Bulls deal Curry after DNA test refusal

DEERFIELD, Ill. -- The Bulls dealt center Eddy Curry to the
New York Knicks on Monday, ending a contentious negotiation in
which Chicago insisted the restricted free agent take a DNA test
over a heart problem.

Chicago also sent veteran center Antonio Davis to the Knicks,
who traded away forwards Tim Thomas, Michael Sweetney and
Jermaine Jackson. Several draft choices also changed hands in the deal,
according to an executive in the Eastern Conference who spoke on
condition of anonymity.

The trade was expected to be finalized Tuesday.

In making the announcement, an obviously frustrated Bulls
general manager John Paxson did not specify what Chicago got in
return and he did not field questions.

"We will have an announcement tomorrow morning," Bulls public
relations director Sebrina Brewster said Monday night. "All we can
say right now is we traded Eddy to the Knicks."

Knicks spokesman Jonathan Supranowitz said the team declined
comment on Paxson's announcement.

The Bulls had insisted that Curry take a DNA test to determine whether he's susceptible to a potentially fatal heart problem.
Curry, who missed the final 13 games of the regular season and the
playoffs after experiencing an irregular heartbeat, balked, saying
it violated his privacy.

"I would never put a player on the floor in a Chicago Bulls
uniform if I didn't do everything in my power to find out all the
information that was available," Paxson said. "You can debate
genetic testing 'til you're blue in the face. But from what I know,
from what I've learned over the last six months, that test could
have helped us determine the best course of action."

Curry, drafted right out of high school, averaged a career-high
16.1 points in his fourth NBA season.

The standoff stemmed from a benign arrhythmia that caused Curry
to miss the final 13 games of the regular season and the playoffs.

Several prominent cardiologists cleared Curry to play, but Barry
Maron, a world-renowned specialist in hypertrophic cardiomyopathy,
suggested the DNA test.

Paxson has said he understands the privacy issues involved but
insisted the Bulls do not have an ulterior motive; they simply do
not want a situation similar to those of former Boston Celtics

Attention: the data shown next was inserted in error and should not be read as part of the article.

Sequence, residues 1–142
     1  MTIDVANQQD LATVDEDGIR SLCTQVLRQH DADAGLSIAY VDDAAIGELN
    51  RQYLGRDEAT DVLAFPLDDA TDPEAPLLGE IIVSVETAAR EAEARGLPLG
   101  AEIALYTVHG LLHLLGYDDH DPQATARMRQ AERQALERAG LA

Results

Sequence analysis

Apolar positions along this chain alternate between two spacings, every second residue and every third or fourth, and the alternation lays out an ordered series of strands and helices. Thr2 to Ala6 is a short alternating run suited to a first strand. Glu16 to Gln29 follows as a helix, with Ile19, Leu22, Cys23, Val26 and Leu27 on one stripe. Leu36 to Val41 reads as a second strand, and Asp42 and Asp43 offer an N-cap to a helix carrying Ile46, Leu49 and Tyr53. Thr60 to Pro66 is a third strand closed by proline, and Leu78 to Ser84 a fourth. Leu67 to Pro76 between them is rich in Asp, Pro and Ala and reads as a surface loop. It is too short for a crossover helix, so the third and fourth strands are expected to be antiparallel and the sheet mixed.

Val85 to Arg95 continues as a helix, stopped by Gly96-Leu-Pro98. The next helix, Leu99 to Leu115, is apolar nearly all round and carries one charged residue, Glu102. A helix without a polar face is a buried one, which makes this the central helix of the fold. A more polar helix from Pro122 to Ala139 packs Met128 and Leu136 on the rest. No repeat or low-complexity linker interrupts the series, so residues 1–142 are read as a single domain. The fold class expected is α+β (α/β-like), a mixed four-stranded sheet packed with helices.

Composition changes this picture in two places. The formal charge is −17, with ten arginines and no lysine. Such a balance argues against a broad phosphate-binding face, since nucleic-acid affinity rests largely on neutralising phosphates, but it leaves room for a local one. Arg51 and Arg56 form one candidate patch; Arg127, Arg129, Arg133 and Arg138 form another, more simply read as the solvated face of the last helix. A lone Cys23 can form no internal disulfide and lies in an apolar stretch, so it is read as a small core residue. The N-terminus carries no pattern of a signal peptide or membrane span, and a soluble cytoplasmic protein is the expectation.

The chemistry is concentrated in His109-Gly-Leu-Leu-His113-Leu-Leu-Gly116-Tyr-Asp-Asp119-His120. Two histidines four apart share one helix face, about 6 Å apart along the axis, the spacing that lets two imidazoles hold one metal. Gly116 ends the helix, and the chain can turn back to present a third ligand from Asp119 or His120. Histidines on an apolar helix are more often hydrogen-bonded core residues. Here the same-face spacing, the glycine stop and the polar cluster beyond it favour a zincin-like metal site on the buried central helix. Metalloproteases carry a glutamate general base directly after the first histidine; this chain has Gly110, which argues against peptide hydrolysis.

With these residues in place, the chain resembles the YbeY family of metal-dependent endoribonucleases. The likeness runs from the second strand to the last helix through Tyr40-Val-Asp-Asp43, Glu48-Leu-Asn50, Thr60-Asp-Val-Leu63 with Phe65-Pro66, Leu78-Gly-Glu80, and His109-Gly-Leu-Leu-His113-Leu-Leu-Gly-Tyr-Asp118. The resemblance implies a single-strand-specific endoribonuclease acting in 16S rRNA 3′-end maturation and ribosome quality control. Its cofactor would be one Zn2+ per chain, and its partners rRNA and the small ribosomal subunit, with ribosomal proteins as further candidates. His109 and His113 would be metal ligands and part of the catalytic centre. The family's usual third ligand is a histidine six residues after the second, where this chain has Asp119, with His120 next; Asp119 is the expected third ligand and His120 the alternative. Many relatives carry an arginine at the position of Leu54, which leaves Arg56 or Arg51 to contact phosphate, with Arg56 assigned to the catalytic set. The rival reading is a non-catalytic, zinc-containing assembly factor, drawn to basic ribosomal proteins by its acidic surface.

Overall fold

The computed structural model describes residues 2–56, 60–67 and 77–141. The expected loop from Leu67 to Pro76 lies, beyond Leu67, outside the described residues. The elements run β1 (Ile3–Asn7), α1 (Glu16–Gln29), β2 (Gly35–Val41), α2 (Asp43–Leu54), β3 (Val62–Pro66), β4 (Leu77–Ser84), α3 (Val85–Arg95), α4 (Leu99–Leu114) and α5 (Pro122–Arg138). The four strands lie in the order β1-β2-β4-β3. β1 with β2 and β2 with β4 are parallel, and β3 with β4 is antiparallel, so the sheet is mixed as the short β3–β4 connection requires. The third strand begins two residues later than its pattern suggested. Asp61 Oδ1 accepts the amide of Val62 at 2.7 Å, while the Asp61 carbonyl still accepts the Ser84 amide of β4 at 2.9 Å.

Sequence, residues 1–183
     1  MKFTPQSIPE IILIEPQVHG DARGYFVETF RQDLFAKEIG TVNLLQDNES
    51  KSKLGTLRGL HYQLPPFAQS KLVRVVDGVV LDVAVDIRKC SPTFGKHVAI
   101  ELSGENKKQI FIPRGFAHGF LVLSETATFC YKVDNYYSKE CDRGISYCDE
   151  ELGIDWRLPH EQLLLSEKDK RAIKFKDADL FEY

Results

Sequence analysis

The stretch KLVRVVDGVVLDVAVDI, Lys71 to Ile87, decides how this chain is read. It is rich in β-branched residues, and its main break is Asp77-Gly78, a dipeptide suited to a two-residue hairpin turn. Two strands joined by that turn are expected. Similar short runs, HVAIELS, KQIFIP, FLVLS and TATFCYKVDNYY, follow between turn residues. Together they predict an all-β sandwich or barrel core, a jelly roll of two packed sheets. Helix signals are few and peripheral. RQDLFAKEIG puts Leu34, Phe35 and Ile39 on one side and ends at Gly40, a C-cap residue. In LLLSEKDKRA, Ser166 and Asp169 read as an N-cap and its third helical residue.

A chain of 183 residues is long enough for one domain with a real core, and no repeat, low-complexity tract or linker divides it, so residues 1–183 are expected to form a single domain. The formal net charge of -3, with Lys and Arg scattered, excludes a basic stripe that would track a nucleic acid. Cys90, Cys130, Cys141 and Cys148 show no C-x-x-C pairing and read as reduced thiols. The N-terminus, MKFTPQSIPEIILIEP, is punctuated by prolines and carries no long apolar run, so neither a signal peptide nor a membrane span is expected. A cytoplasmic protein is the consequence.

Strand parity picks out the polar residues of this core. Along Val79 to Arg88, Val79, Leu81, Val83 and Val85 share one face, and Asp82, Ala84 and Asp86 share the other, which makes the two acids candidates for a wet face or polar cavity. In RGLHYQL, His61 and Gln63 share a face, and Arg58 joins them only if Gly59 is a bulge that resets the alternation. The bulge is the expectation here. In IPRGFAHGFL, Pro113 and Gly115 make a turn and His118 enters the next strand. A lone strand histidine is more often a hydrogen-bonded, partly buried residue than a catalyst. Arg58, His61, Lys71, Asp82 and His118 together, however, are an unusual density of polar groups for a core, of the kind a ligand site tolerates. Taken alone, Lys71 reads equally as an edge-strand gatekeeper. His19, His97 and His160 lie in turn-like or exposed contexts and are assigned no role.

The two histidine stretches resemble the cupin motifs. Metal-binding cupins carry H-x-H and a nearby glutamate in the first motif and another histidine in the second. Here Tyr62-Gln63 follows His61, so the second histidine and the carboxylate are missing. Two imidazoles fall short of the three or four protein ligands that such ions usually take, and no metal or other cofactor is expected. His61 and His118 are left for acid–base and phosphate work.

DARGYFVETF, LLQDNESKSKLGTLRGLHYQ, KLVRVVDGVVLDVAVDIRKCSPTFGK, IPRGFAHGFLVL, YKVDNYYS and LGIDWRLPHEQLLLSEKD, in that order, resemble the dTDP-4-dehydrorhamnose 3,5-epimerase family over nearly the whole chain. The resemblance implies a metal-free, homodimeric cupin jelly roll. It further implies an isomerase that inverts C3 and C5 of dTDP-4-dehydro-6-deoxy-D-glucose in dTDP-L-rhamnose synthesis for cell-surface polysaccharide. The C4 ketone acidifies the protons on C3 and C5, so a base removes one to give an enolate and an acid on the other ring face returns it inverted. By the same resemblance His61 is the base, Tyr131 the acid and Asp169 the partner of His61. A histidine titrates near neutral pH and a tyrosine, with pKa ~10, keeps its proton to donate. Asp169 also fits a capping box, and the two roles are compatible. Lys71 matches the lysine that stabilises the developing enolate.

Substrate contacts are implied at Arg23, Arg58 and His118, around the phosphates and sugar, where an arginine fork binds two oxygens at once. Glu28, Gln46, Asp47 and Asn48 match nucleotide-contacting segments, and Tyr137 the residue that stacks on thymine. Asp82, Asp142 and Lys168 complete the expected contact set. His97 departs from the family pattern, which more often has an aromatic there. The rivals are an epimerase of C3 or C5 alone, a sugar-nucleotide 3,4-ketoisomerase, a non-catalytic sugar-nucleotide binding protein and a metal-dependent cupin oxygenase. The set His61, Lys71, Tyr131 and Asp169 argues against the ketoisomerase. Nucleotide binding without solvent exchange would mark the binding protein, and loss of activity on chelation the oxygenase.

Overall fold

guard Reggie Lewis or Loyola Marymount star Hank Gathers -- players
with hypertrophic cardiomyopathy who collapsed and died.

Paxson, speaking during the team's media day, told reporters the
Bulls had offered Curry $400,000 annually for the next 50 years if
he failed the genetic test.

"So he would have an above-average lifestyle that would put him
in a position that most other people aren't in," Paxson said.
"Our intention through that whole process was to show him that we
did care about him and that we were concerned about his

Curry's agent Leon Rose did not return calls seeking comment

Paxson said he resented insinuations that the Bulls were on a
sort of witch hunt, trying to find information on Curry.

The general manager started by asking reporters to "let me
ramble a minute." After a long pause, he said, "This has been
about as uncomfortable and unusual a situation I could ever
imagine. We've attempted from Day 1 to do the right thing, and I'm
absolutely confident that we have in every way we went about it.
And in a lot of ways we've met resistance in trying to gather all
the information we feel we need."

About three minutes later, Paxson said, "From a basketball
standpoint, I understand what I'm doing. But I have an obligation
to this organization and the people I work for to do the right
thing. And I did the right thing. That's all I've got to say."

Then, he walked away from the table.

That Curry and the Bulls parted was not shocking, given the tone
of the negotiations.

Curry played a major role as the Bulls won 47 games and reached
the playoffs for the first time since 1998 -- when Michael Jordan
and Scottie Pippen led them to their sixth NBA title.

"It's tough," said power forward Tyson Chandler, who re-signed
with the Bulls for six years during the offseason. "I'm sad to see
him go."